Mr. Chairperson, Esteemed Members of the Committee, ladies and gentlemen – good afternoon.
The International Coalition Against Enforced Disappearances (ICAED) consists of 40 member-organizations from Africa, the Eurasian Region (Euro-Mediterranean Region, Caucasus and Belarus), Latin America and Asia and the United States. The ICAED includes both international non-governmental human rights organizations and national and regional associations of families of the disappeared which together are united to combat the crime of enforced disappearance and promote truth, justice, reparation, and remembrance for all desaparecidos.
ICAED Recommendations to the Committee on Enforced Disappearances
The ICAED strongly welcomes this opportunity to meet the distinguished members of the Committee on Enforced Disappearance (the Committee) on the historic occasion of its inaugural session. The existence of this new treaty body is a source of hope for thousands of relatives of the disappeared people throughout the world. The ICAED considers it essential that the Committee is guaranteed the necessary funding and staffing to carry out its functions in the most effective manner.
The ICAED calls on the Committee to ensure that its rules of procedure and methods of work are drafted in such a way as to ensure that the Committee can effectively carry out its mandate and functions and are accessible to civil society. In this regard, the ICAED urges the Committee to open a participative process in the coming months, in which representatives of civil society are invited to express their views and deliver proposals for the consolidated version of the rules of procedure of the Committee.
The ICAED stresses the crucial importance that will be played by the Committee with regard to the Article 30 urgent intervention procedure. It is essential that the Committee enables the functioning of this procedure as soon as possible, in a manner that ensures that it is both accessible to those representing the disappeared and appropriately coordinated with existing special procedures and other international monitoring bodies.
The ICAED encourages the Committee to establish close cooperation with the Working Group on Enforced and Involuntary Disappearances, in order to enrich its own work in the light of some 30 years of experience of this Working Group by, for examples, coordinating the schedule and venue of sessions of the Committee with the Working Group and establishing a system of communication between the two bodies.
The ICAED also underscores the crucial importance of country visits that may be undertaken by the Committee. Wherever possible, planned visits should be announced as promptly as possible in order to enable the widest possible participation of civil society. The ICAED calls the attention of the Committee to the grave situations of ongoing and continuing cases of enforced disappearance in the territory of the following States Parties to the Convention: Honduras, Iraq, Mexico, Nigeria, and Tunisia, and urges the Committee to consider country visits among the possible responses of the Committee. In addition, the ICAED stresses the fundamental importance of ensuring a regular system of follow-up on the conclusions and recommendations issued at the end of its missions.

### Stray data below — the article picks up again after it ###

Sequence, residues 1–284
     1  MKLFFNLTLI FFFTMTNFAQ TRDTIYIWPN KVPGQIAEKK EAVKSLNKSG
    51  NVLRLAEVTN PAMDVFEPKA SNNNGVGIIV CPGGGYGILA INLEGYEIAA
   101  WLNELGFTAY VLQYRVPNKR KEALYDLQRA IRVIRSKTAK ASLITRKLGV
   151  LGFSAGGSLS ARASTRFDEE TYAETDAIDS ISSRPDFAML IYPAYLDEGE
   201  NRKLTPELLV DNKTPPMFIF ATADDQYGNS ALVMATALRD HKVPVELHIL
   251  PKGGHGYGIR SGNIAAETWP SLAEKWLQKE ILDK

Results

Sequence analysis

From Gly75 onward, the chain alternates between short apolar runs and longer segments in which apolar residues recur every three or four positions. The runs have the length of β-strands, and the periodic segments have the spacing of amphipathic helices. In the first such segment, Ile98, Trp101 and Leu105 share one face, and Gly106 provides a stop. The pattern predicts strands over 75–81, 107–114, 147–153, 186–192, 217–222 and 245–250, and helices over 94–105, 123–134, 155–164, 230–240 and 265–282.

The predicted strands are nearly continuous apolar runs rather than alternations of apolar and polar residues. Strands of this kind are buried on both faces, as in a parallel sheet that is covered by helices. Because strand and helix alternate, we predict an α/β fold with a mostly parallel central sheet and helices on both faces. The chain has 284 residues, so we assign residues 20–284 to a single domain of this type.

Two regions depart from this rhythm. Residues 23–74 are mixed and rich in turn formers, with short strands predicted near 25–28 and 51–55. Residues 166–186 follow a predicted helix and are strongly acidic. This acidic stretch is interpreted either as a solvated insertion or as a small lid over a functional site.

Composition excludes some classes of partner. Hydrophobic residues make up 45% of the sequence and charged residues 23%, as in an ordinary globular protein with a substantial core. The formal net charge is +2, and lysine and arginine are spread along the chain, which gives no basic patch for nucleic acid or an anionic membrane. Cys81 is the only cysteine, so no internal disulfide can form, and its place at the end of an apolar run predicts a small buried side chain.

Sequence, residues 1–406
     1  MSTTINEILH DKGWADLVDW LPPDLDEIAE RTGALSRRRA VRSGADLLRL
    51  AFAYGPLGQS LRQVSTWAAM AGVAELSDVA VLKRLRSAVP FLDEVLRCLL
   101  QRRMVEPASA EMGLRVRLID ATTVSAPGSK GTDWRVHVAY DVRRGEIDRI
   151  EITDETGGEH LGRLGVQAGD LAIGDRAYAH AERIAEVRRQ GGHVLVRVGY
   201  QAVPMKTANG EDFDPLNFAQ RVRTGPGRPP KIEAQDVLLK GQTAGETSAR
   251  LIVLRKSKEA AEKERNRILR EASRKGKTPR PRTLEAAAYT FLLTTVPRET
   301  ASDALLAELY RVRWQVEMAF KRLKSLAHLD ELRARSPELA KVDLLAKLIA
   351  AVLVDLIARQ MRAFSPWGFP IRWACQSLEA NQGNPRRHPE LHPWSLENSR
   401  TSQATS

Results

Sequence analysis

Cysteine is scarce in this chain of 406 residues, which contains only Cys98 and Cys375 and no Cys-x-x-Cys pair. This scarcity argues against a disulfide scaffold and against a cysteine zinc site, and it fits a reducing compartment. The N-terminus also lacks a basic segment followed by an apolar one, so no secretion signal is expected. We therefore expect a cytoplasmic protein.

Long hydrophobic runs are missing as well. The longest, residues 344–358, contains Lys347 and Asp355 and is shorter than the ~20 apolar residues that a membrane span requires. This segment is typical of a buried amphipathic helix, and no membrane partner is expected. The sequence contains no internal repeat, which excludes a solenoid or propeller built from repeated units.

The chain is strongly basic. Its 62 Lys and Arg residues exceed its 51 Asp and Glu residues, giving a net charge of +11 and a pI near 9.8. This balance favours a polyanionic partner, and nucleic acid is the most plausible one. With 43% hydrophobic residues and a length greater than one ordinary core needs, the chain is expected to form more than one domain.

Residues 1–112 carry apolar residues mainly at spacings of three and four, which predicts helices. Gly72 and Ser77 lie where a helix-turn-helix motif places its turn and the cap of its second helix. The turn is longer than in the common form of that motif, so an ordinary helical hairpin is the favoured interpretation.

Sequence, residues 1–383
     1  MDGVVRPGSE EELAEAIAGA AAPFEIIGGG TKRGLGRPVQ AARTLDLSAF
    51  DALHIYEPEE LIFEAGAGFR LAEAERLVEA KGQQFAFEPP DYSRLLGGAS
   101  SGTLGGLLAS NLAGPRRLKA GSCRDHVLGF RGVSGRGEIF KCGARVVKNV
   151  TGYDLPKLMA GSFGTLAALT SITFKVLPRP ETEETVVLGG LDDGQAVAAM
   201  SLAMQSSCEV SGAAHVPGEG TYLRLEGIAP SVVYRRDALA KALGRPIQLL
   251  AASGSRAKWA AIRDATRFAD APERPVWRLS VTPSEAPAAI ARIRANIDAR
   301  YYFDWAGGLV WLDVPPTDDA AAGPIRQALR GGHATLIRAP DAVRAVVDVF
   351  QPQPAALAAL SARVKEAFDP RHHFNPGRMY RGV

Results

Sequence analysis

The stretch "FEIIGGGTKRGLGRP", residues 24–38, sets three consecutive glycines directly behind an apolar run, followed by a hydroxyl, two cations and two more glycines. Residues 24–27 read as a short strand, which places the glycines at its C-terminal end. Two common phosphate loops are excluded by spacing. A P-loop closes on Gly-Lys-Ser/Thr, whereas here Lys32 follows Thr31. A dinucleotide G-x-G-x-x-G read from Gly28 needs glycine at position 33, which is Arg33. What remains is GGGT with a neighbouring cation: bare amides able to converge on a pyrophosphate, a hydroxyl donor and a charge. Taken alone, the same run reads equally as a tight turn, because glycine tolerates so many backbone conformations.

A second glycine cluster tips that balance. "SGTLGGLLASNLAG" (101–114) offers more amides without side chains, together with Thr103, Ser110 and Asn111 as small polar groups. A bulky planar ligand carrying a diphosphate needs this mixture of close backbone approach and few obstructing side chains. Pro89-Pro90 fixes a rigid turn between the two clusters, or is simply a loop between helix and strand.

The ICAED urges the Committee to promote the effective implementation of the Convention in the domestic laws of States Parties and urges the Committee to develop guidelines and tools to assist States Parties in this regard. The recently published ICAED member Amnesty International Checklist for Effective Implementation of the Convention for the Protection of All Persons from Enforced Disappearance is a comprehensive guide for States Parties to implement domestic legislation fully in line with the Convention and other international law standards and may serve as a useful tool to promote ratification and implementation.
The ICAED calls the attention of the Committee to the importance of adopting interpretations of the Convention’s provision that affirm the treaty’s central purpose of ending the practice of enforced disappearance, as well as clarifying the numerous and complex obligations for States Parties that arise from the Convention. For instance, the Committee will be called upon to interpret Article 20 which provides for possible restriction of States Parties’ obligation to provide information about deprivation of liberty when a set of narrowly defined circumstances are met. In order to ensure that this provision is not abused, it is critical that the Committee provides an interpretation of this provision in the light of the spirit and purpose of the Convention. Similarly, the interpretation of the definition of a victim pursuant to Article 24 of the Convention in a comprehensive manner in line with international law standards is an important task of the Committee.
Finally, in the course of its work, the ICAED urges the Committee to pay particular attention to the enforced disappearance of children, including during State Party examinations and country visits.